I don’t know Eugene Peterson, which is to say I’ve never met him personally. I know of him from his many books and his personal paraphrase of the Bible, The Message. I’ll be honest. I’ve never cared much for The Message. I know many who love it, but I’m the odd sort who prefers a more formally equivalent (dare I say “literal”?) translation of God’s Word. But that is not what this article is about. Continue reading . . .
I don’t know Eugene Peterson, which is to say I’ve never met him personally. I know of him from his many books and his personal paraphrase of the Bible, The Message. I’ll be honest. I’ve never cared much for The Message. I know many who love it, but I’m the odd sort who prefers a more formally equivalent (dare I say “literal”?) translation of God’s Word. But that is not what this article is about.
Like so many of you, I was deeply saddened when news broke that Peterson had told Jonathan Merritt in an interview that he now accepts the moral legitimacy of so-called same-sex marriage and that if asked to officiate at such a ceremony he would say Yes. It only took a day, amid the backlash, for Peterson, supposedly, to reverse himself and insist that he actually holds to a traditional view of marriage between one man and one woman.
So what does Eugene Peterson actually believe? I don’t know. I find it difficult to think that he could have been caught off-guard in the interview or was confused about the question. Either you endorse the moral and biblical legitimacy of same-sex intimacy and “marriage” or you don’t. I trust that Peterson will clarify matters in the days ahead.
My focus here is of a two-fold nature. First, if in fact Peterson’s first response to Merritt’s question was an accurate reflection of what he genuinely believes, we see once again how sentimentality has won out over Scripture. I never heard Peterson provide a biblical defense of the legitimacy of same-sex intimacy. His reason, as I recall, is that he knows several same-sex attracted individuals whose love for each other appears to be sincere and devoted. Some of them, he said, appear to genuinely love Jesus.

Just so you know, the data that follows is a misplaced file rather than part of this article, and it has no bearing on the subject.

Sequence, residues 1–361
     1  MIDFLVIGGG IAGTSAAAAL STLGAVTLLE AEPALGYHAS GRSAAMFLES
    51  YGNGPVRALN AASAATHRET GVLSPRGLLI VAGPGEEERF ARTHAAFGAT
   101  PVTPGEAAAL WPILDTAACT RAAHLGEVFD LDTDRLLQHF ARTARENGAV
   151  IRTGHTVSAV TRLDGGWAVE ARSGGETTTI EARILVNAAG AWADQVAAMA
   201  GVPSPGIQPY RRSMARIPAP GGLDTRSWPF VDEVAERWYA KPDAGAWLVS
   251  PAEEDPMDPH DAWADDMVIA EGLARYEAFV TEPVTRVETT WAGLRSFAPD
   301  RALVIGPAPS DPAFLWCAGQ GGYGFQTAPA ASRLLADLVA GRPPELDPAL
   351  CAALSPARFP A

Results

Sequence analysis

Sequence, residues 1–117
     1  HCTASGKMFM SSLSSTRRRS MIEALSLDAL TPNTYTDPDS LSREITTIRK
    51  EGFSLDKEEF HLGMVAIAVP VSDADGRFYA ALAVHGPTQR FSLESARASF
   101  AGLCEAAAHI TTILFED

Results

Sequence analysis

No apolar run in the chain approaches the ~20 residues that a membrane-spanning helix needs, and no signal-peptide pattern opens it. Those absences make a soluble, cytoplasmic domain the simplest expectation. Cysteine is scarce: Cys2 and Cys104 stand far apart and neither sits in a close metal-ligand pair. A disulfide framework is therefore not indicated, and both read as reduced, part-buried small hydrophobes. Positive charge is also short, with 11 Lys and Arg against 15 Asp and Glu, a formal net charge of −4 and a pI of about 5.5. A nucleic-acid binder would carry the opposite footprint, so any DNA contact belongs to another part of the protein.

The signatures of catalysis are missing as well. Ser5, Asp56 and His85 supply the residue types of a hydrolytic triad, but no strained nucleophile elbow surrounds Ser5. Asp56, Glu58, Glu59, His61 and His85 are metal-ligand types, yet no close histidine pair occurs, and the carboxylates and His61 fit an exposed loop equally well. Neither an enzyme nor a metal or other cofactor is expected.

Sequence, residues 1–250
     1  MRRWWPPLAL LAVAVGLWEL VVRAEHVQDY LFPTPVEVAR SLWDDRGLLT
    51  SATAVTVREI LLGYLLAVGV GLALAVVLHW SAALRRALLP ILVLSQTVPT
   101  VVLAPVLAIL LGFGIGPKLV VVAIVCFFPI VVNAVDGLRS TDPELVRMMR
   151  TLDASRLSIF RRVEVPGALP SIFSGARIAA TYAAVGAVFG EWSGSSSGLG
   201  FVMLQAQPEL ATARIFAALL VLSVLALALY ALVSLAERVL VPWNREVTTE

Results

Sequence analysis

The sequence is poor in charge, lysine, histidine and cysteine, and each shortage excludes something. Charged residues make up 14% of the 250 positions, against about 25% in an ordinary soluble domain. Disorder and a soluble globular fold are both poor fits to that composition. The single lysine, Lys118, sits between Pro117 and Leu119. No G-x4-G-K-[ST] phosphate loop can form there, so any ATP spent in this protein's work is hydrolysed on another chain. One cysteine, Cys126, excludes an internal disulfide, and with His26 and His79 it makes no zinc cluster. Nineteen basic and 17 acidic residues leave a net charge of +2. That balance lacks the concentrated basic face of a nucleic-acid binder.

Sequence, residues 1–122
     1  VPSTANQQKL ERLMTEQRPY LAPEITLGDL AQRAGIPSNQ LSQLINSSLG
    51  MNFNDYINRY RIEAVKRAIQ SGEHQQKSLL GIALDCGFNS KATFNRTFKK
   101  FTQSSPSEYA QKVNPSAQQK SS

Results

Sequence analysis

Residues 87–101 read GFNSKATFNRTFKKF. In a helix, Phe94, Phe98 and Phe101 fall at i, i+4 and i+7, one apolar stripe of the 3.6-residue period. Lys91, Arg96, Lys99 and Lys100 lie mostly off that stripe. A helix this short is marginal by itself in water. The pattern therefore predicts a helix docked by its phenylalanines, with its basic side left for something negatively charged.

His reasoning, like so many others today, is that if someone’s “love” for another person of the same sex is dedicated and sacrificial and life-long and if their profession of faith in Christ is passionate and consistent, we should be willing to concede the moral legitimacy of their sexual conduct. But what if God has said otherwise in Scripture? What if God has said that notwithstanding passion and commitment and “love” that same-sex intimacy is not a legitimate biblical and moral option? Who wins? The Bible does, of course. That’s what we mean when we speak of the functional authority of Scripture. When you and the Bible disagree, the Bible wins.
But isn’t that unloving, unkind, and insensitive to people who are simply trying to be true to themselves and their own desires? And isn’t that what love is, to affirm others, to endorse and welcome them regardless of their sexual activity, and to make them feel good about who they are and their choices in life? Well, no.